Divided by age, wealth and politics, the people of Hong Kong will mark the 20th anniversary of its transfer from Britain back to China with contrasting emotions: anger and pessimism, pride and celebration.
The semi-autonomous city still enjoys freedoms unseen on the mainland, but in recent years there has been increasing unrest.
There have been rallies for democratic reform and an independence movement has emerged in response to what some regard as meddling by Beijing.
Soaring property prices and low wages have also fuelled unhappiness, particularly among young people.
But for some, Hong Kong remains a land of opportunity, and being part of China a source of stability and security.
Here three residents talk about their hopes, dreams and fears, as the anniversary of the July 1, 1997, handover approaches.
Dressed in a white t-shirt, net skirt and with pale green streaks through her hair, Chau Ho-oi plays with her phone as she sits in a park in her home neighbourhood of Prince Edward.
Born in 1997 to a music teacher father and office worker mother, the 20-year-old student’s earliest aspiration was to be a police officer.
Instead, she became the youngest protester arrested during mass pro-democracy Umbrella Movement rallies three years ago.
“I thought being in the police was righteous, but now I think there are other ways to serve justice,” she says.
Chau is part of a new wave of activists pushing back at Beijing and works with pro-democracy party Demosisto, co-founded by leading campaigner Joshua Wong.
Student rallies in 2012 against lessons promoting Chinese patriotism first made her realise young people could change things, says Chau.
She then went on to join a student activism group, before joining the 2014 protests.
Her experiences have left her angry and she believes authorities don’t care about young people’s concerns.
“This government views young people as antagonists. When they say they want to strengthen communication, it’s really nonsense,” she says.
Chau still lives with her family, sharing a room with her older sister, and says her parents have allowed her to find her own way in life.
While some of her friends are politically apathetic and others frustrated at a lack of progress, Chau says she wants to fight on as a activist.
She explains: “I think I have the ability to change this society — we’re not at the point of hopelessness yet. We have to create our own hope.”
Financier Cedric Ko spends his days working in a skyscraper overlooking Hong Kong’s famous harbour.
Smart in a crisp white shirt and dark suit, he praises the bustling city for its high-octane buzz.
“Life in Hong Kong, compared to other cities, is much more vibrant. This is a great advantage for our competitiveness and commercial aspects of society,” says the 40-year-old father of two.
But his enthusiasm is tempered by a feeling of unease about the future.
Things are harder than when he was young, says Ko, who remembers a relaxed childhood in Hong Kong and university days in Canada, where he was studying in 1997.
“I had a lot of time to explore and think. I don’t think children have that now — everything’s about achieving an objective,” says Ko.
He is concerned his kids may grow up blinkered in a conservative results-driven education system, which he believes does not encourage them to think for themselves.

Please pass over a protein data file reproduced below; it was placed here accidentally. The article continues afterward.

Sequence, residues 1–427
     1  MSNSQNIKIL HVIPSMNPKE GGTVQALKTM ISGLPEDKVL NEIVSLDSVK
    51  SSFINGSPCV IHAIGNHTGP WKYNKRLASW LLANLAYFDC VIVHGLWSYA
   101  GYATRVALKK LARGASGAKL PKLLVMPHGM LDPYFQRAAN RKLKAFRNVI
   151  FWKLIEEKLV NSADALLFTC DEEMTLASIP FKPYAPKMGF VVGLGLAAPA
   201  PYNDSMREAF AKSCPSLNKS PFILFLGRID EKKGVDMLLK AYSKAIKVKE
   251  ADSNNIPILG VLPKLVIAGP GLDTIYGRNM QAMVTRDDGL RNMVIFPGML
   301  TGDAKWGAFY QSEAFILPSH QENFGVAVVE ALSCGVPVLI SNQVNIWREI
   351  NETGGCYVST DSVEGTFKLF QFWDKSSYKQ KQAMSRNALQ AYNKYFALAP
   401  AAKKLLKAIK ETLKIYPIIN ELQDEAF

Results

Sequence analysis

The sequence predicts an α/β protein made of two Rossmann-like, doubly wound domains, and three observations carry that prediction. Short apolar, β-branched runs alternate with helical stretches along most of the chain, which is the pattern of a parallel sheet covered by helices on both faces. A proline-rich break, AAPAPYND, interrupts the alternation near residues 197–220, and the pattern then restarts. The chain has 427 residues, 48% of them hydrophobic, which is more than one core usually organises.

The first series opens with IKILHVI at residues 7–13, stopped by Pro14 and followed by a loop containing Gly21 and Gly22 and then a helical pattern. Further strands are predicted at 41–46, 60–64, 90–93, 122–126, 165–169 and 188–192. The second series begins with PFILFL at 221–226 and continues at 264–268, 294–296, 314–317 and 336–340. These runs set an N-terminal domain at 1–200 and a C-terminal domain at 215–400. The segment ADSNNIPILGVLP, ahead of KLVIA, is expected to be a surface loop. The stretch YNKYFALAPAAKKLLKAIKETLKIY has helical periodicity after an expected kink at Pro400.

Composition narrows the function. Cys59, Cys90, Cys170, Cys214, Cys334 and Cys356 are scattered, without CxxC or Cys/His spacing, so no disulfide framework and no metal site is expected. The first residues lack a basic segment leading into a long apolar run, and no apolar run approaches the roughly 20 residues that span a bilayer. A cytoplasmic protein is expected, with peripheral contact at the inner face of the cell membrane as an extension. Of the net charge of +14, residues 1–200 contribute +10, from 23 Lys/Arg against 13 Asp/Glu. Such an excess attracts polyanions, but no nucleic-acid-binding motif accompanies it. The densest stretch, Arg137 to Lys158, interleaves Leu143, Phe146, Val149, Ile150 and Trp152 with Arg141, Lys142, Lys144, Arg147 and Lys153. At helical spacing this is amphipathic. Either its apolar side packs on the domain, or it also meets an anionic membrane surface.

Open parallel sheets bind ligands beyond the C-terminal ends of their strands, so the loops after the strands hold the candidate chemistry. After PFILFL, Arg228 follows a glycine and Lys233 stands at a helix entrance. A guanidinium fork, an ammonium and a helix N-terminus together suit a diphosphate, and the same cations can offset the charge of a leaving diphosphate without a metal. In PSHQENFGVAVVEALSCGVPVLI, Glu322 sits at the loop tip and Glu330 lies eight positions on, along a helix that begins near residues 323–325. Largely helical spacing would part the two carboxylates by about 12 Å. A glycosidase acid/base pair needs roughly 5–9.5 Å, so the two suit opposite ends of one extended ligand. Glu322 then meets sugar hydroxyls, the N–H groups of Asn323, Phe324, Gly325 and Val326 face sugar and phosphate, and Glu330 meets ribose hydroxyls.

“Children today, especially those who are more obedient, believe the government is always right,” he says.
And while Ko and his family can afford a three-bedroom apartment, he worries about the lack of space and comfort others endure, which he feels fosters public discontent.
Although his children are still only eight-years-old and three-months-old, Ko is already considering sending them to study abroad “to learn about different cultures and ways”.
Sceptical Hong Kong can solve its political and social issues, he is one of a growing number of residents who hope eventually to emigrate.
“I think the problems in Hong Kong will remain — if not get worse,” he says.
The medicine man
Tan Kin Hua fiddles with a wooden abacus at his Chinese medicine shop in the busy commercial district of Mong Kok, neatly stacked with ointments and herbs.
He is a spry 72 and the shop is a fulfilment of his dream: to leave his home village in southern mainland China and seek a better life.
“It was a tough life when I was very small. My father passed away when I was nine- years-old,” says Tan.
“Everybody was looking for a chance to get out and develop in a big city.”
Many Hong Kong residents of his generation originally came from poverty-stricken mainland China and, like Tan, sought an exit during the upheaval of China’s Cultural Revolution, which saw mass political purges.
He shies away from talking about that time, saying simply: “It wasn’t as free then.”
Tan arrived in Hong Kong by train in 1972 and started as a factory worker, earning just HK$8 (US$1) a day.
After learning Cantonese, the local language, he moved into Chinese medicine which he had studied back home — by 1997 he was about to start his own business, which he still runs today.
“My daughter is learning the trade, my friend is helping me and we are working together. I hope to bring my experience to the younger generation,” says Tan, a grandfather-of-two.
He criticises the 2014 democracy protests which brought parts of the city to a standstill as “annoying” and is against the independence movement, arguing that Hong Kong is part of China and people should work together to improve residents’ livelihoods.
Tan still has faith life will improve in the years ahead.
He insists: “The Chinese government really supports the city. It will be better in the future.”
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